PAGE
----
10. An implement for applying heat to the surface of the ground and ground supported surfaces comprising: a main mobile vehicle; a fore and aft extending housing structure including upper and lower horizontally disposed and for and aft extending air ducts; a blower in one end of the housing structure in communication with and for drawing air through the upper duct and for blowing air through th lower duct; an air inlet at the forward end of the housing structure opening into the upper duct; an aildischarge structure at the forward end of the housing in communication with the lower duct and having an air outlet directed downwardly and opening onto the surface to be treated; and heating elements retained within the housing structure adapted to heat the air moving through the housing structure; and means mounting the housing structur forwardly of and on the vehicle.

References Cited UNITED STATES PATENTS ANTHONY BARTIS, Primary Examine US. Cl. X.R.

Patent Citations
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US1368328 *Oct 6, 1920Feb 15, 1921Max Eaton RichardElectric heating device
US1698196 *Dec 28, 1925Jan 8, 1929Gus Lang EdwardVegetation, snow, and ice destroyer
US2607877 *Apr 4, 1947Aug 19, 1952Fenton Stevens EdwinHeating system
US2820450 *Jun 22, 1955Jan 21, 1958Zimmerman James JIce and snow removing machine
US3108586 *Dec 14, 1961Oct 29, 1963Wilson La Roy ASnow removal equipment
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US3308268 *Apr 12, 1965Mar 7, 1967Nikolaus LaingPortable hair dryers
Referenced by
Citing PatentFiling datePublication dateApplicantTitle
US3964183 *Jun 4, 1974Jun 22, 1976B. C. ResearchMethod and apparatus for detaching coatings frozen on to surfaces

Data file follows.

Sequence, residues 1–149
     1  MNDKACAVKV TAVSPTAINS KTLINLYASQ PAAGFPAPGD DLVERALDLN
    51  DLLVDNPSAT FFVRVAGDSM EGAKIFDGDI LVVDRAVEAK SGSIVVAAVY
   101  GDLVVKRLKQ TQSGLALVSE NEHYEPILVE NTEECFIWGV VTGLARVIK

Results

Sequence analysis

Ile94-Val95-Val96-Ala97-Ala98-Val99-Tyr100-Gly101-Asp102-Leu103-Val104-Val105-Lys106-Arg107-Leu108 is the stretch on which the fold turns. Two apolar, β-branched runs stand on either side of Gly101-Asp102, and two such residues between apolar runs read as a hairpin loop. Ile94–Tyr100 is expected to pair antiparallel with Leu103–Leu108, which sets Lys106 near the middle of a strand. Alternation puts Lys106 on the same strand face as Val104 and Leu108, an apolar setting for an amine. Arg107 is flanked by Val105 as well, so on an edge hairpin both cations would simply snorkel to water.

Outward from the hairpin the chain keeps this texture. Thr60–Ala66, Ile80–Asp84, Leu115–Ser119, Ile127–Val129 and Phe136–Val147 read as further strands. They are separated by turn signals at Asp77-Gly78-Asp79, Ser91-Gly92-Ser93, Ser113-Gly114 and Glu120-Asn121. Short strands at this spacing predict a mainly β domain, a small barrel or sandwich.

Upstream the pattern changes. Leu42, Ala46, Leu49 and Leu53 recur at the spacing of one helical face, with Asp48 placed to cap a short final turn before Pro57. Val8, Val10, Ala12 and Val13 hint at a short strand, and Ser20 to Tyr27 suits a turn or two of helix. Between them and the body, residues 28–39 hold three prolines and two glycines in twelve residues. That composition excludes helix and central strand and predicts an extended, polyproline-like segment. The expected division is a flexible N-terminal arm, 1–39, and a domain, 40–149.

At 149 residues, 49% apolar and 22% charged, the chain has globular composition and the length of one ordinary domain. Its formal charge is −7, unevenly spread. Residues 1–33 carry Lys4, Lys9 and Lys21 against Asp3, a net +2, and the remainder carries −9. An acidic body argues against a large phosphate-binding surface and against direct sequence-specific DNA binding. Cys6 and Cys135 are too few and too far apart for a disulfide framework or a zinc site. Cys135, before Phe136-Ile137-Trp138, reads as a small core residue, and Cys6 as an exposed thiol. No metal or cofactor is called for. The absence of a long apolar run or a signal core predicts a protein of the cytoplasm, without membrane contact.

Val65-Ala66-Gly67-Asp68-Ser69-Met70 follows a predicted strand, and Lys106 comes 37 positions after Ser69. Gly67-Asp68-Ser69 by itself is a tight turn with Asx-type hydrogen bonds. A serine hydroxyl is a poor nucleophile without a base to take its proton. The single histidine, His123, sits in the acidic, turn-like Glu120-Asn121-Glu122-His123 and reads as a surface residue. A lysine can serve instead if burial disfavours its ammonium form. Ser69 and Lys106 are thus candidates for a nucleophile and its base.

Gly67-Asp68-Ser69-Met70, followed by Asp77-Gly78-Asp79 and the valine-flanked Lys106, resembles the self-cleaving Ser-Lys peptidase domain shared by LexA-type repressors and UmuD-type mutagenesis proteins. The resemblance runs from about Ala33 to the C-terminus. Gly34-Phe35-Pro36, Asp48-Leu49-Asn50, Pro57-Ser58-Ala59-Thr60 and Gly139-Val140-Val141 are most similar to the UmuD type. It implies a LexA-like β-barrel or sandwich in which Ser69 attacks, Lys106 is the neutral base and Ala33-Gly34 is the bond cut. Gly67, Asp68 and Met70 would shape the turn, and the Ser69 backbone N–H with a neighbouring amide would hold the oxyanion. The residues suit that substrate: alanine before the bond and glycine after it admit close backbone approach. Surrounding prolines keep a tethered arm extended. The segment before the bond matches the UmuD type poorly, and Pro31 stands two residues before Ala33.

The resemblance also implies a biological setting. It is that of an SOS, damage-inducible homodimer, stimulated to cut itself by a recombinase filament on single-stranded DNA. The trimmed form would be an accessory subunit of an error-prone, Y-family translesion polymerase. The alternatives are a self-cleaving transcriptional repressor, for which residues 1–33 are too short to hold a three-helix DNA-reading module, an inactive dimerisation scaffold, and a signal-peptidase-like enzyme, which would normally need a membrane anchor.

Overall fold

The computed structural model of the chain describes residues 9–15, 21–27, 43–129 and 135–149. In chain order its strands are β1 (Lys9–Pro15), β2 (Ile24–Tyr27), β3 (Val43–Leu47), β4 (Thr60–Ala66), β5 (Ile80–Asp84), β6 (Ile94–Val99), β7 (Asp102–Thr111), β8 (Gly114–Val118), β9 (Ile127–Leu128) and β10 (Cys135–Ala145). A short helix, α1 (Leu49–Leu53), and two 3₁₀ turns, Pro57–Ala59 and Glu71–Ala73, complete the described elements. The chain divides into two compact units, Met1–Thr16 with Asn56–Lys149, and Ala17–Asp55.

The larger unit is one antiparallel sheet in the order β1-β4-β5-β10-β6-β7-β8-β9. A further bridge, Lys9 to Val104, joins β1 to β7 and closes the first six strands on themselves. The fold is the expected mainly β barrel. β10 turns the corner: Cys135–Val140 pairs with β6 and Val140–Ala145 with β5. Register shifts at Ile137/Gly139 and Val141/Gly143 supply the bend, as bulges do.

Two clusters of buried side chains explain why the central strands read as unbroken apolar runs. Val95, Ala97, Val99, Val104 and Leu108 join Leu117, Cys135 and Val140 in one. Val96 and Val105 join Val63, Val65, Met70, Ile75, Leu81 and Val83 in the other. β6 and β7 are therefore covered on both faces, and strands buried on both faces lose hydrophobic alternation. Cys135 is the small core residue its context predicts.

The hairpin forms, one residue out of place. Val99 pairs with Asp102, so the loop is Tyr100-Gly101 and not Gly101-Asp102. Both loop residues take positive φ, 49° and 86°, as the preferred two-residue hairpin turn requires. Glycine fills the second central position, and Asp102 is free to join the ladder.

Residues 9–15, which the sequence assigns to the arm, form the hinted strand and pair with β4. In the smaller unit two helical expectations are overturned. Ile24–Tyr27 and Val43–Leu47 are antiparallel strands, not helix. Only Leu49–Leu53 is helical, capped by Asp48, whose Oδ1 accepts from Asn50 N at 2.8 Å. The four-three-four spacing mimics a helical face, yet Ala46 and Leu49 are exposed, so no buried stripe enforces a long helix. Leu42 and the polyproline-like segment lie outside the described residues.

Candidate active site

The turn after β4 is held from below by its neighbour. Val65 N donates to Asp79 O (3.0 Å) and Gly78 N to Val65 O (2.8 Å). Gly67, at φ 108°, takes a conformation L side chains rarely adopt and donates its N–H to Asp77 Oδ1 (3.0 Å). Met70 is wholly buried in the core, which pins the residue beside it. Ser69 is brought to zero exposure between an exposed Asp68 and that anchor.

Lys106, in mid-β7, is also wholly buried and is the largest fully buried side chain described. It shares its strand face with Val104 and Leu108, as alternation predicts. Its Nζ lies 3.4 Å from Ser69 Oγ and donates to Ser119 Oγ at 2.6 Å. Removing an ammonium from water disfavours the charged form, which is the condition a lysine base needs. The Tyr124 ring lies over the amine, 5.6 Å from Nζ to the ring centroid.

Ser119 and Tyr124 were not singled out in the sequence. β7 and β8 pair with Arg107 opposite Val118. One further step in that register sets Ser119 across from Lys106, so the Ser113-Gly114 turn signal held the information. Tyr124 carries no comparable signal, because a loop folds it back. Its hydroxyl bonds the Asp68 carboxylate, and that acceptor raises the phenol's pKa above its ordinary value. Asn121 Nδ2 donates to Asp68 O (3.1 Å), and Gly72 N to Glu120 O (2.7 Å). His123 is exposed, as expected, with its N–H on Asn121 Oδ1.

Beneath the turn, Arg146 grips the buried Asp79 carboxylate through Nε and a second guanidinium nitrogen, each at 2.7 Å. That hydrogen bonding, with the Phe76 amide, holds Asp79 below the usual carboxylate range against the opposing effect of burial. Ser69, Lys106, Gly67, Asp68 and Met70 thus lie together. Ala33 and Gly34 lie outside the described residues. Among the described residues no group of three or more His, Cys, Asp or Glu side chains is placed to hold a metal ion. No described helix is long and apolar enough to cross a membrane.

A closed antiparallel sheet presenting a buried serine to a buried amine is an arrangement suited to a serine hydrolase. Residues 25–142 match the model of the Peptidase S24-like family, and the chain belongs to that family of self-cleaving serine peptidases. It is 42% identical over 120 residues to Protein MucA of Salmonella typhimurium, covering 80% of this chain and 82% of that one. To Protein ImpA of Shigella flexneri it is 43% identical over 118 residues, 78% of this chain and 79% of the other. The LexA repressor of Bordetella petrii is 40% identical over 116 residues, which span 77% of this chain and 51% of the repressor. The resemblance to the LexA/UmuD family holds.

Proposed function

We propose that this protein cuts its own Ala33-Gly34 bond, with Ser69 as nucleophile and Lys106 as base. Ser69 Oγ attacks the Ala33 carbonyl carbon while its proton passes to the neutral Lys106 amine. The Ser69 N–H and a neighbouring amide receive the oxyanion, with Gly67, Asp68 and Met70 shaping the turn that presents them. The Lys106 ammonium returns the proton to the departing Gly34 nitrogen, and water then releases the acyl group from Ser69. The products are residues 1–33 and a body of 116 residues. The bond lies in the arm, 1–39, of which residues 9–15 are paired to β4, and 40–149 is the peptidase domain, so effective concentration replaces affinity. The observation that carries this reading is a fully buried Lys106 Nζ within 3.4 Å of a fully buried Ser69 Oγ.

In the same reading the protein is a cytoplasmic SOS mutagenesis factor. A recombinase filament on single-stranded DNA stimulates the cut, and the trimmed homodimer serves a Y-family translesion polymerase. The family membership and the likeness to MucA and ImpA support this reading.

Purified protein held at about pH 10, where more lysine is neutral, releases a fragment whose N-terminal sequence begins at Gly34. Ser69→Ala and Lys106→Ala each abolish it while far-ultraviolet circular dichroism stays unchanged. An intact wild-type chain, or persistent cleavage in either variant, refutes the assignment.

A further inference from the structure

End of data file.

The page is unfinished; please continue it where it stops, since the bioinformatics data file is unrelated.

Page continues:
US4309594 *Sep 24, 1979Jan 5, 1982Jones John PModular infrared space heater device
US4538052 *Jul 30, 1982Aug 27, 1985Fuji Xerox Co., Ltd.Fixing roller for a copying machine
US5014339 *Dec 20, 1988May 7, 1991Deutsche Forschungsanstalt Fur Luft- Und Raumfahrt E.V.Device for heating up a flow of gas
US5140762 *Feb 12, 1991Aug 25, 1992Mikkal OareApparatus for melting snow and ice
US5930455 *Jun 24, 1998Jul 27, 1999Kanna; RalphAutomobile fog clearing system
US7133604 *Oct 20, 2005Nov 7, 2006Bergstein David MInfrared air heater with multiple light sources and reflective enclosure
US8428446 *Nov 25, 2009Apr 23, 2013Mike PimentelSnow and ice melting device
US20160053452 *Aug 19, 2015Feb 25, 2016Charles Raymond TreglownIce and snow removal system and apparatus
EP0322627A1 *Dec 13, 1988Jul 5, 1989Deutsche Forschungsanstalt für Luft- und Raumfahrt e.V.Apparatus for heating a current of gas
WO1983001720A1 *Nov 6, 1981May 11, 1983John Paul JonesModular infrared space heater
Classifications
U.S. Classification392/379, 126/271.20R, 219/469, 392/356, 338/302, 392/384, 219/202
International ClassificationH05B3/00, F24H3/04
Cooperative ClassificationH05B3/0033, H05B3/00, H05B3/0095, F24H3/0405
European ClassificationH05B3/00L, H05B3/00, H05B3/00R, F24H3/04B